Subscribe. Stay informed.
Get AZCIR’s latest investigations and updates delivered straight into your inbox.
The Arizona Center for Investigative Reporting was honored with three awards in the Arizona Newspapers Association’s 2018 Better Newspapers Contest, including top division awards in the news and investigative reporting categories.
The collaborative investigative reporting project by AZCIR and KJZZ, Building Relationships, won the first place award for investigative reporting among daily publications with a circulation less than 25,000.
AZCIR Senior Reporter Evan Wyloge and KJZZ Reporter Carrie Jung reviewed hundreds of documents, from campaign finance data and nonprofit filings to corporate records and procurement documents, to show how a small group of builders had become the main financiers of Maricopa County school district bond and override campaigns — then reaped the benefits when the bond and override money turned into construction work. Further reporting showed even deeper ties between construction companies and school districts, including joint business ventures and shared vacations.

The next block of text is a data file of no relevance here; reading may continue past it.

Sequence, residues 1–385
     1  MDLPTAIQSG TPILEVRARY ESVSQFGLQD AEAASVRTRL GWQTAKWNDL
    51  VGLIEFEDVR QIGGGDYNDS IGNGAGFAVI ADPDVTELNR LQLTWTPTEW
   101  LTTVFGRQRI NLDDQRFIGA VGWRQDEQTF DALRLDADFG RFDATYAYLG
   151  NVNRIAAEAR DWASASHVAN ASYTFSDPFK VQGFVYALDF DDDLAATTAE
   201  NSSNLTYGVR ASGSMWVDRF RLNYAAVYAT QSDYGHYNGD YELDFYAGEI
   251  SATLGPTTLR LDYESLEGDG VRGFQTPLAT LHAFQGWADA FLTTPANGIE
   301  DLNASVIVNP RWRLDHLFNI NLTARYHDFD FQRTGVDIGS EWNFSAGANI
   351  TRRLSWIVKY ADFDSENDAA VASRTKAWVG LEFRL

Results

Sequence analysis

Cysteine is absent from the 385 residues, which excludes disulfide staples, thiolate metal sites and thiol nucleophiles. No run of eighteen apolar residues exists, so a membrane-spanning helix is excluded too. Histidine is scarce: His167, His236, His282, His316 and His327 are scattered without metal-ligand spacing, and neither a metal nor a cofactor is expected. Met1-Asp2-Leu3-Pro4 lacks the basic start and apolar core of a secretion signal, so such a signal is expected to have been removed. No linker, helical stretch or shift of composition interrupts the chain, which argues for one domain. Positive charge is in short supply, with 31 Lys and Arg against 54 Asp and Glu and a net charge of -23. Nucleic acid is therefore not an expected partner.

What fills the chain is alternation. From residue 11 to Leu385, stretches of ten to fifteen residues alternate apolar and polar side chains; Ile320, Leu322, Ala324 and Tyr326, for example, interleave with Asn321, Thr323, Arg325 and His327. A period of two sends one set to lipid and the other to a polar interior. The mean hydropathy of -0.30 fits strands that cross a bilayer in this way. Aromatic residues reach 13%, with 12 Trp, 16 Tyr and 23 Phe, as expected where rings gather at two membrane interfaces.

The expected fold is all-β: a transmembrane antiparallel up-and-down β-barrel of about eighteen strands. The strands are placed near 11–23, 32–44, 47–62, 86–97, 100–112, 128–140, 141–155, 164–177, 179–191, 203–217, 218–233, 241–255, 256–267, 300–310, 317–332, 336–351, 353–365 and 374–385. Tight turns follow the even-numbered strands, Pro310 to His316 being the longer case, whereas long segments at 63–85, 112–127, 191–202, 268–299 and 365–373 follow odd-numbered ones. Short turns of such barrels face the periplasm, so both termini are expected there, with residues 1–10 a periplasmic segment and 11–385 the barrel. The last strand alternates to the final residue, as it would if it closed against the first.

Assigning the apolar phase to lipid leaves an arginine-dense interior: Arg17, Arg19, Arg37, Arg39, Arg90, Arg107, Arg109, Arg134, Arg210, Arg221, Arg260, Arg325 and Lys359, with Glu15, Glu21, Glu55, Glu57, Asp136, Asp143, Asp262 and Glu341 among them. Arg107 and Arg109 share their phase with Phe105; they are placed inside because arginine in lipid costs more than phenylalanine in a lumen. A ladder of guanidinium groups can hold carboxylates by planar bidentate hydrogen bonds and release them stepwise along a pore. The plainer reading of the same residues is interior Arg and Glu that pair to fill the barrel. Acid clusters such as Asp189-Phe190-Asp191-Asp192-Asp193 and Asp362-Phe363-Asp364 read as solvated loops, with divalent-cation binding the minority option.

In the months following the reporting, the Arizona Legislature upended the state’s K-12 procurement laws to avoid the problems unearthed by AZCIR and KJZZ.
Megan Janetsky, an AZCIR intern, took home a first place award in the news category among daily publications with a circulation of less than 25,000.
Janetsky’s reporting, Passage Prevented, revealed the impact that a U.S.-Mexico border wall would have on the wildlife habitats of southeastern Arizona’s “Sky Islands.” Janetsky followed the scientists who track wildlife in these pleistocene refugia, contrasting the prospect of manmade structures disrupting the ecosystem.
Claire Cleveland, also an AZCIR intern, won the second place award in the news category among daily publications with a circulation less than 25,000.
Cleveland’s article, Pregnant and Addicted, demonstrated that although the opioid death rate doubled in Arizona between 2007 and 2016 for pregnant women and new mothers, opioid withdrawal symptoms increased nearly five-fold during the same period. Cleveland explored what options are available for pregnant women and new mothers facing opioid addiction, and exposed critical resource gaps.